Coding on top of the universe: A front-end software developer in genetics
Apr 15, 2021

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The videocall background picture of Anna Niskanen suggests there are no limits: planets circle around the head of the front-end software developer in steady curves, just like programming languages swirl around in the vast universe of cyberspace. In the field of genetics, the tools provided by software developers are nothing less than solutions which enable genetic testing and clinical interpretation for inherited diseases.

Anna sees and appreciates the bigger picture: that clinics, doctors, and geneticists around the world seek genetic testing to help their patients.

“Especially when stories of individual patient successes reach the Technology team, I am proud that everyone is a key part of that puzzle and serving an important purpose,” Anna says.

At the end of the day, what most motivates Anna is the fascinating world of software developing — or rather, at the beginning of the day, as Anna is a morning person. She wakes up at 6am, prepares Vietnamese coffee, and starts coding. Usually, she handles functionality requirements by inquiring and asking for input: “It is actually quite interactive; you have to get input from different colleagues and users. In fact, half of the job is tapping into the knowledge of the entire internet community.”

That is clearly an understatement: coding for genetics applications means problem-solving, progress-tracking, and especially quality assurance, through various levels of testing during each stage of the development process. In software development, getting to understand what exactly is needed and how to get there is a true team effort on par with modern development. And it is here where the field of genetics meets her own personal ambitions: it is innovative, comprehensive, and reaches for the stars.

“Working as a front-end software developer in genetics is like finding the perfect set of dinner cutlery for your guests amongst a variety of options. In software development, you need to find the most suitable tools for a desired requirement,” Anna notes.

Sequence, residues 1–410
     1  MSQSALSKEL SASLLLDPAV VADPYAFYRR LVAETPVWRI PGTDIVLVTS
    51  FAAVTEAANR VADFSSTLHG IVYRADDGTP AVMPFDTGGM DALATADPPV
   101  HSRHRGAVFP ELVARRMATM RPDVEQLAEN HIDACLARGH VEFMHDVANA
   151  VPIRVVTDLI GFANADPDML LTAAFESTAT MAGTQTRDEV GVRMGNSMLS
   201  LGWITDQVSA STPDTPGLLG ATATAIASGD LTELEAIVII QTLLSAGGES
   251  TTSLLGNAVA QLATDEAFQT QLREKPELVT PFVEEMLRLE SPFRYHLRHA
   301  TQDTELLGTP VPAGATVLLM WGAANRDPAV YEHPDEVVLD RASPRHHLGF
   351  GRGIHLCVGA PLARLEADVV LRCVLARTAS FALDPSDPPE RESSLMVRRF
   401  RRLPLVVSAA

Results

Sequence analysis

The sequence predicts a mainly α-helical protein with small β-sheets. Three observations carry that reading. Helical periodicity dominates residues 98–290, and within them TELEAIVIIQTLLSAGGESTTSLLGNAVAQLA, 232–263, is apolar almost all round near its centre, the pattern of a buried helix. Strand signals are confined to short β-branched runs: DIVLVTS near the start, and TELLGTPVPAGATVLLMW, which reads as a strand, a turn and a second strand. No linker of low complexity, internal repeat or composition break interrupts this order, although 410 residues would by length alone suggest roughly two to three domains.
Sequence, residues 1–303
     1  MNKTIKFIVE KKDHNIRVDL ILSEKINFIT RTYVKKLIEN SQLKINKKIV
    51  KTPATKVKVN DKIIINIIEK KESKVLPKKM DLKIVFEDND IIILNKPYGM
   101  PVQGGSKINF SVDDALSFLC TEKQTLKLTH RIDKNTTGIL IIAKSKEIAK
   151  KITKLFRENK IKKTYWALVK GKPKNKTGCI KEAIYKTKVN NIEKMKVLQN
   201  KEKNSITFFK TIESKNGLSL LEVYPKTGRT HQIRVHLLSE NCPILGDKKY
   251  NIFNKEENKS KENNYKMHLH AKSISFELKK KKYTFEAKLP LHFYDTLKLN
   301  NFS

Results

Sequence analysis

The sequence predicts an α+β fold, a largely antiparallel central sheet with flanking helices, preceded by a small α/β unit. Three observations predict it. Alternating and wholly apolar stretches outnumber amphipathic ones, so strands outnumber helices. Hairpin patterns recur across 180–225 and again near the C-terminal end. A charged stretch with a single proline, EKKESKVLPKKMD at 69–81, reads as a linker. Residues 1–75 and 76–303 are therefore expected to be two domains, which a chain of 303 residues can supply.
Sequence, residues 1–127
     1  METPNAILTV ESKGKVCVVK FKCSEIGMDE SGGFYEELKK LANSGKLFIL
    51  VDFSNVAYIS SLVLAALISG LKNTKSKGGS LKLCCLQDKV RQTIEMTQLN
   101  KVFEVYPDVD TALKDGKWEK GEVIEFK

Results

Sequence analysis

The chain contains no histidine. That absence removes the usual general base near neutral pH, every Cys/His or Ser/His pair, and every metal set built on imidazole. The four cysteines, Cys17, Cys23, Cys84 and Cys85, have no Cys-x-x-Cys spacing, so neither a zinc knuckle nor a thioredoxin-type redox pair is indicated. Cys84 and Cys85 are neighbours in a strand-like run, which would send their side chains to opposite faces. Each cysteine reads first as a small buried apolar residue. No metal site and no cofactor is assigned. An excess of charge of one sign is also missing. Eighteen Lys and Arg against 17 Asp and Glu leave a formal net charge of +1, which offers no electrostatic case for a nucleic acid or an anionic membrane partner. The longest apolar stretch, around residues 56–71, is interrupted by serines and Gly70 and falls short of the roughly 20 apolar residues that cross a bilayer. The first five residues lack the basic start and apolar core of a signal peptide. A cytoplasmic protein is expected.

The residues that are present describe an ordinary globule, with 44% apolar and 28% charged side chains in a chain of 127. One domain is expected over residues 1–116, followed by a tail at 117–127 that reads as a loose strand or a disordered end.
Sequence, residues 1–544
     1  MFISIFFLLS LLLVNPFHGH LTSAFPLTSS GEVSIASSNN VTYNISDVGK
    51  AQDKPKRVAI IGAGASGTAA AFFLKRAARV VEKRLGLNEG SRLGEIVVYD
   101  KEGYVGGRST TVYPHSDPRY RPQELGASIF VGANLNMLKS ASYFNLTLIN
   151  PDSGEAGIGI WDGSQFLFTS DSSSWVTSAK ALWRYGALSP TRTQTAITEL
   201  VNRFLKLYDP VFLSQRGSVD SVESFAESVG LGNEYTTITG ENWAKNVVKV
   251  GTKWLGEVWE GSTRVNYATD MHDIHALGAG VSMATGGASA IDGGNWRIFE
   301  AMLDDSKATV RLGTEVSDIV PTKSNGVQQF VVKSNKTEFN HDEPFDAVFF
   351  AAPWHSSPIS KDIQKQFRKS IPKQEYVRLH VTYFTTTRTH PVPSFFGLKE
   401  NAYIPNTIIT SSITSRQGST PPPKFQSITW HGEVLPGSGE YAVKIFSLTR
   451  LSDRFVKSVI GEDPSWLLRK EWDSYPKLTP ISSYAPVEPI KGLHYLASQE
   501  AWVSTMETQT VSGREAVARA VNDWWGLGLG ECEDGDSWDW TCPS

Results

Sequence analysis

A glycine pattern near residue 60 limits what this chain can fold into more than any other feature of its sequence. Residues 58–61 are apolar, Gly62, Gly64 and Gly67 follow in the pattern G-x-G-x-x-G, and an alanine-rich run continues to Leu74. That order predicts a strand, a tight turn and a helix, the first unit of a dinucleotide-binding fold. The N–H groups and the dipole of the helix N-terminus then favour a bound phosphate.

That is precisely what she was looking for when changing her career: learning every day, along the way, by creating modern tools. She wants to innovate, understand what is necessary and what is not, rethink and improve.

Anna joined Blueprint Genetics in 2020, leaving over 10 years of academia, customer care, and marketing behind her; she wanted something new to be both creative and ambitious, and was aware the tech sector is in ever-growing need.

“The network of people who change careers and transition towards software development is huge and expanding,” says Anna, noting that the field is increasingly attracting women, with social media groups providing support and informing new generations of coders to come.

“You need an analytical mindset as a software developer,” she concludes, “and you need to love creating new things and reviewing and modifying existing ones. Constantly.” Learning is a core element of her job, and crucial when aiming to make already existing applications better.

Anna still remembers her first day: there she was, starting her first software development position after some months of training. One tiny checkbox wasn’t working in one application; Anna needed to reattach an HTML tag. She was glad she had that box as a concrete thing she could fix and tick off her to-do list.

From there, the advancement was fast as she dove deeper into the complex spheres of coding for genetics – never looking back, but into the future with cool ideas in her head.

Blueprint Genetics is a genetic testing company based in Helsinki and Seattle. Our global team of more than 200 exceptional people works across the organization to provide world-class genetic testing to healthcare professionals, so they can provide the best possible care for patients and families with inherited diseases. Whether we work in software development, customer service, the laboratory, or the geneticist team, we are committed to the individual ones. Join us and make a difference:

Text: Nina Laurinkari
Photo: Anton Sucksdorff

Last modified: April 16, 2021